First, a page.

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How to deal with the ‘I don’t want to do this anymore’ stages

Thebearcametoo

Well-Known Member
Relationship to Diabetes
Parent
Daughter has just turned 11 (2 years diagnosed), is in the full throws of puberty and all the changes that happen with that plus we’re a year into the pandemic and life is only sort of returning to normal. She’s been struggling with pump changes for the last few weeks but it’s not been helped with a couple coming off so having to do it more frequently than every 3 days. I know it’s not all ABOUT the cannula change it’s just that’s the point where everything comes to a head.

We’ll get in touch with her team’s psychologist next week and get her some support that way but any helpful strategies for dealing with these periods where your kid just doesn’t want to deal anymore would be helpful. I know adults feel like that too but it’s especially big feelings when you’re young and can’t get a bigger perspective.

‘You just have to do it’ isn’t helpful even though we know that’s what it boils down to.
 

stephknits

Well-Known Member
Relationship to Diabetes
Type 1
I remember a parent, admittedly for a younger kid, but could work so I stored it for.later. They thought up / researched a riddle or joke or word game that they played every time they had to do a pump change. The child ended up looking forward to finding out what the next challenge etc would be. Might be worth a go.
 

Pumper_Sue

Well-Known Member
Relationship to Diabetes
Type 1
Would a pump change be more acceptable if your daughter gets to choose the menu for the meal after set change :) Something like you wouldn't normally have but she likes? So it's something positive from the daily rigmarole?
 

Inka

Well-Known Member
Relationship to Diabetes
Type 1
@Thebearcametoo Would she consider a pump break? After a spell with site issues, I got very stressed so had some weeks back on injections. The break did me a lot of good mentally - and it also made me appreciate my pump more! I’d been on a pump without a break for many years and it wasn’t until I went back to injections that I remembered how much better my pump was.
 

Thebearcametoo

Well-Known Member
Relationship to Diabetes
Parent
@Thebearcametoo Would she consider a pump break? After a spell with site issues, I got very stressed so had some weeks back on injections. The break did me a lot of good mentally - and it also made me appreciate my pump more! I’d been on a pump without a break for many years and it wasn’t until I went back to injections that I remembered how much better my pump was.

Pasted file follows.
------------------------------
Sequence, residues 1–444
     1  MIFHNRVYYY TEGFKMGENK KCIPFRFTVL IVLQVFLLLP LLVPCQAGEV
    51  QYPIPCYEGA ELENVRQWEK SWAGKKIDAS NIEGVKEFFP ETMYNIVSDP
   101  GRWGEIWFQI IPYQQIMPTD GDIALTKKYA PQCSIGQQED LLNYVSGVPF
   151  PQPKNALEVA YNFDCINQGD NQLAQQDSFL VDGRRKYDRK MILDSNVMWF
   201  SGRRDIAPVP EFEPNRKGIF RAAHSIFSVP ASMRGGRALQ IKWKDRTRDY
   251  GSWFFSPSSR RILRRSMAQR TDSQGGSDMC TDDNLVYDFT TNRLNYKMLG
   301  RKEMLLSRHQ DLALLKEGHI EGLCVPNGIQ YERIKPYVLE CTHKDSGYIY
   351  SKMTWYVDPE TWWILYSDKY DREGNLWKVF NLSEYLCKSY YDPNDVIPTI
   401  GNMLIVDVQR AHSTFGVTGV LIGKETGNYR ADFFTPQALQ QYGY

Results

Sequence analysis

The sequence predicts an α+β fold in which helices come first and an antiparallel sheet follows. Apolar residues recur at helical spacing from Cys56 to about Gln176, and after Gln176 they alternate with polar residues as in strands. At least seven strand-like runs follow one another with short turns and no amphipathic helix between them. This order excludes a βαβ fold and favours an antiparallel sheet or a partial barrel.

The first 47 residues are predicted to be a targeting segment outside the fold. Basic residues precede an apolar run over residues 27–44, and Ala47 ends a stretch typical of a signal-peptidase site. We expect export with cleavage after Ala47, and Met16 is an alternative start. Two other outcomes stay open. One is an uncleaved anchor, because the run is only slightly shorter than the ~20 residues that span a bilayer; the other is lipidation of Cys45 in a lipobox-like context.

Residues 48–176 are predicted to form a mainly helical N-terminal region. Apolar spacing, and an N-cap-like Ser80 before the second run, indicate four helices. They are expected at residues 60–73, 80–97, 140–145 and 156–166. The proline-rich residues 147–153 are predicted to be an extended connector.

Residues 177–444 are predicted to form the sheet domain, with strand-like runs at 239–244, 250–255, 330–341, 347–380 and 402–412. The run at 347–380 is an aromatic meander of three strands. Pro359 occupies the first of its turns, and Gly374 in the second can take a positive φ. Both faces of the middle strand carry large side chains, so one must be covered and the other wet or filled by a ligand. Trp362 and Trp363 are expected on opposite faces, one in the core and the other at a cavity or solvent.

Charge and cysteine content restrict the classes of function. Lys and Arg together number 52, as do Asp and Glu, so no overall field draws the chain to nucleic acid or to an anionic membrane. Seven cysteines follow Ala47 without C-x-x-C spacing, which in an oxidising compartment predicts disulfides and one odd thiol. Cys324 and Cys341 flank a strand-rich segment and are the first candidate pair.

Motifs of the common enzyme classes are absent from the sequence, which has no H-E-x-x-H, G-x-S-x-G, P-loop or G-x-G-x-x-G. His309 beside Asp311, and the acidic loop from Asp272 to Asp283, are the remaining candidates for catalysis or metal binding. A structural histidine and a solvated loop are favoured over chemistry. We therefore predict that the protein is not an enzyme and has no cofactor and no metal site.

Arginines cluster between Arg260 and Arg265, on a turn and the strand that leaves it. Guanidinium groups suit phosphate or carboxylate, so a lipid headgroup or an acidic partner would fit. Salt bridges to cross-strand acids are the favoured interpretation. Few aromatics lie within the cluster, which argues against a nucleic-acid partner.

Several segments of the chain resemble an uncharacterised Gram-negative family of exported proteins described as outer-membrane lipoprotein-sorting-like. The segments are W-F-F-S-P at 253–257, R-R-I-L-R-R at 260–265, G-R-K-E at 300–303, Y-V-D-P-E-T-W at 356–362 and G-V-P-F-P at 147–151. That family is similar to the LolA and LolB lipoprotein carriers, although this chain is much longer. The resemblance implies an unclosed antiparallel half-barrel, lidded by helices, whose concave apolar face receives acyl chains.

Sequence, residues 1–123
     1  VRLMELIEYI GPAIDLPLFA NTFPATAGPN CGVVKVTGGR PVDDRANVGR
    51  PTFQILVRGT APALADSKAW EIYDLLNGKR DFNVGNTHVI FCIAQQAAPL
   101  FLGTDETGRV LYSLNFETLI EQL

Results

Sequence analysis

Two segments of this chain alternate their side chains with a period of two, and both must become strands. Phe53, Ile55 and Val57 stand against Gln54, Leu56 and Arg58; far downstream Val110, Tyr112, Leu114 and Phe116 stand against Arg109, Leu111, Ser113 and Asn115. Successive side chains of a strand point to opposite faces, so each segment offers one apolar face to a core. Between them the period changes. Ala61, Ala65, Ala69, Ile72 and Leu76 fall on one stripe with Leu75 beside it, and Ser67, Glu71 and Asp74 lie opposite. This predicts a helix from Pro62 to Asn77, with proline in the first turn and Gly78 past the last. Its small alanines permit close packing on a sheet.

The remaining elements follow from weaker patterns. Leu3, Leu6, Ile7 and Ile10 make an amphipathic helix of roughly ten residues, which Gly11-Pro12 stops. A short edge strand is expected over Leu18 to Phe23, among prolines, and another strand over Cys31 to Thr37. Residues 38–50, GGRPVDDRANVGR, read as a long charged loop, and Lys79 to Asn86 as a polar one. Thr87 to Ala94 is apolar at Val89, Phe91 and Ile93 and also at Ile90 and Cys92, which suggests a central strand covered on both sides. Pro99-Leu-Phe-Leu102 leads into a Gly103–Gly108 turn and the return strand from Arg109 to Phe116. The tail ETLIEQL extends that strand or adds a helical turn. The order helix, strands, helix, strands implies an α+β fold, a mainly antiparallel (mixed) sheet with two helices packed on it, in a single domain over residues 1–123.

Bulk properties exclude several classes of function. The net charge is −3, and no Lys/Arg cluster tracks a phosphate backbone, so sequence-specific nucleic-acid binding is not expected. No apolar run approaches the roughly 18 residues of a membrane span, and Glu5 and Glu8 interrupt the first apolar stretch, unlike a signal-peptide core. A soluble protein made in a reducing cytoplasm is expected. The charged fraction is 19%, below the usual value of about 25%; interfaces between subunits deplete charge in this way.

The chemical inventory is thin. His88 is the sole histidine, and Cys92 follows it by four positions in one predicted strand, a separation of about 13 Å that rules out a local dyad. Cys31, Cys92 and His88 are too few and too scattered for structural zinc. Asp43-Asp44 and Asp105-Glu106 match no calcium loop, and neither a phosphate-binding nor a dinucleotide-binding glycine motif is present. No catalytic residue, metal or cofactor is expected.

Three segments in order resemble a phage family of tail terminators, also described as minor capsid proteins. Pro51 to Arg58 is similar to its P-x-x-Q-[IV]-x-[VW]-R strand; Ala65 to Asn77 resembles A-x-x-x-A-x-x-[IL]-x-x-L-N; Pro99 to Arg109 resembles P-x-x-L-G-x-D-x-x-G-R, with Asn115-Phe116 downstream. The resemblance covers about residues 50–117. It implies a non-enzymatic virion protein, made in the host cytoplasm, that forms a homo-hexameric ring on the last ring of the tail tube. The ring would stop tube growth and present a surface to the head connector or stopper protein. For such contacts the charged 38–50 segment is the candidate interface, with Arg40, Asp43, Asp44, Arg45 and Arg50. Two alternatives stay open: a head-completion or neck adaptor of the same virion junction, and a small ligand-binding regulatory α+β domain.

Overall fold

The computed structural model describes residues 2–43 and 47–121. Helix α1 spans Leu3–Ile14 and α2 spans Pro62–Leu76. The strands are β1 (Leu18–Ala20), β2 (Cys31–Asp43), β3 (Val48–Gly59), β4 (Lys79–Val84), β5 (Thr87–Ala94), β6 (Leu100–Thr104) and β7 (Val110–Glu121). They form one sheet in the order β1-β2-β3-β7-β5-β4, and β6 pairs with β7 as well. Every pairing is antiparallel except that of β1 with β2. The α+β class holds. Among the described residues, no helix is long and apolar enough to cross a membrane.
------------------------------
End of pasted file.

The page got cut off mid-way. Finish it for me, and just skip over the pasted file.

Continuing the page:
This is what we’ve ended up doing. I suspect she will remember how much she actually likes her pump in a few days

And a good reminder to keep some basal insulin in the fridge that’s in date as we’re having to chase around pharmacies today to get hold of some tresiba as what we had was out of date and the team doctor we spoke to didn’t want her using it (fair enough). Husband has been to our usual pharmacy this morning who don’t have any in stock but their sister pharmacy do so phone call to 111 to get a prescription and then we can get it from there (they are technically closed today but as doing vaccinations so apparently will deal with us). I spent last night waking her every 4 hours to give her novorapid and am once again glad I no longer have tiny children
 

Thebearcametoo

Well-Known Member
Relationship to Diabetes
Parent
I remember a parent, admittedly for a younger kid, but could work so I stored it for.later. They thought up / researched a riddle or joke or word game that they played every time they had to do a pump change. The child ended up looking forward to finding out what the next challenge etc would be. Might be worth a go.
This is a lovely idea. I don’t think it would work for her though
 

Thebearcametoo

Well-Known Member
Relationship to Diabetes
Parent
Would a pump change be more acceptable if your daughter gets to choose the menu for the meal after set change :) Something like you wouldn't normally have but she likes? So it's something positive from the daily rigmarole?
Maybe. I think she’s just fed up with it all. If she was refusing injections it would be more of a problem but I’m hoping a break and she’ll appreciate the pump again.

She’s very independent and does all her cannulas and injections herself and refuses someone else doing it. She has got into an anxiety cycle where she can’t make her body press to release the cannula and then she gets all worked up so stopping for a while until she gets bored of injections will hopefully break that. The on call for the diabetes team yesterday was a doctor who knows her well and will flag with the team psychologist that she needs some support.
 

Inka

Well-Known Member
Relationship to Diabetes
Type 1
Good @Thebearcametoo Hopefully that will work. I found the number of injections a shock - I seemed to spend all day doing injections! But what really got me was the inability to fine tune the basal to stop my DP, and the fact that on injections with that ‘big’ basal constantly there, I feel different, always aware of the insulin, but on injections I feel normal.

I don’t like auto-inserting cannulas either. I tried the other day when I swapped to a different cannula type and I just couldn’t physically press the button. I insert all mine by hand. It’s quicker, easier and I have far more control. It’s also far less of a ‘thing’ without a shooting contraption.
 

Pumper_Sue

Well-Known Member
Relationship to Diabetes
Type 1